“Basically,” he continued. “The idea was to let them know what I was thinking. I wanted them to hear me out, so that even if you decided I had it all wrong, they would know why I’d tried so hard.”
With that he scooted across the sofa until he was at her side. “Of course, I was hoping that by the time I put you on the spot you’d realize I didn’t ‘have it wrong’ at all.”
“What does that mean? ‘Put me on the spot?’ What are you talking about?”
“Don’t you get coy with me, lady. You know exactly what it means. I shouldn’t have to be drawing pictures for you.”
By then Grace was turning away, suddenly silent, unsure how to continue. For the last two days, since Hank’s surprisingly affectionate return, she had debated whether it was time to tell him everything. Now, even before he had heard her unlikely admission, he seemed willing to take them exactly where she wanted them to go. There was nothing to suggest he needed coaxing. So why muddy the water?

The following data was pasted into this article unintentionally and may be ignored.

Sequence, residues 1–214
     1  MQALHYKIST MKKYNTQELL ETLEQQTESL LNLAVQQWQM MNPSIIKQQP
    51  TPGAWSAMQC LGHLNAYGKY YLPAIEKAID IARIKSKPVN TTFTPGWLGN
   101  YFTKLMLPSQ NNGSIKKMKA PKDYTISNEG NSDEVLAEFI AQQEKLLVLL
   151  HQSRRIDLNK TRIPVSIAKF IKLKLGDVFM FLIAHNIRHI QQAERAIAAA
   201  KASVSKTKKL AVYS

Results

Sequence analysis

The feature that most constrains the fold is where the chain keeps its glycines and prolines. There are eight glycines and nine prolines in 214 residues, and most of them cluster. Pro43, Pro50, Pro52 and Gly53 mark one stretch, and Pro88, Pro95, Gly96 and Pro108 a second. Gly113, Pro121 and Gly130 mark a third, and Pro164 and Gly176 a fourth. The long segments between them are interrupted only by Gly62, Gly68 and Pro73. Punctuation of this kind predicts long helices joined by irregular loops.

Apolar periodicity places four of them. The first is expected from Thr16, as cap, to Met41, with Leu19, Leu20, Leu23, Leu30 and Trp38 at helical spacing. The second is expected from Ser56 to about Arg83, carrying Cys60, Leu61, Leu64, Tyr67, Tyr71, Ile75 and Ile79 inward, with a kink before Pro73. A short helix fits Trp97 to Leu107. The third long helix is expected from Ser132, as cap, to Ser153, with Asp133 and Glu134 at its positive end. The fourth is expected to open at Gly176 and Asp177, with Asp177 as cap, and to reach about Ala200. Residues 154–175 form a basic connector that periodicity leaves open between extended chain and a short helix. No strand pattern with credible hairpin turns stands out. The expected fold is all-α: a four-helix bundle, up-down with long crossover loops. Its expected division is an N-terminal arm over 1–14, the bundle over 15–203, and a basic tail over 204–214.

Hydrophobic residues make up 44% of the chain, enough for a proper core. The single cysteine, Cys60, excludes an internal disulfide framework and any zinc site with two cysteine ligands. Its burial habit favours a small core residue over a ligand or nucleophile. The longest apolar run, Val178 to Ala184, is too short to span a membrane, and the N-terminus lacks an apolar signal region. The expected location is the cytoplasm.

Yet in the end it was her own reluctance to hold anything back that dictated her response. If they hoped to find the best of whatever lay ahead, there must be no secrets, no false pretenses. In that light, it was not too soon to come clean. For a moment she sat looking into her folded hands. When she looked up at him there was no hiding her self-conscious smile.
“Do you remember when you called me from California?," she asked. "You told me that you’d been thinking about things. And I said that I’d let Sarah know that. Do you remember that?”
Her quizzical grin nearly had him laughing. “Actually, it was something I didn’t mean to say. It just kind of slipped out.”
“Oh, I caught it alright,” Hank replied. “Though I didn’t know what to make of it. I still don’t. I was sure that you’re much too sane to be playing such a silly game. Are you saying you really did talk to her?”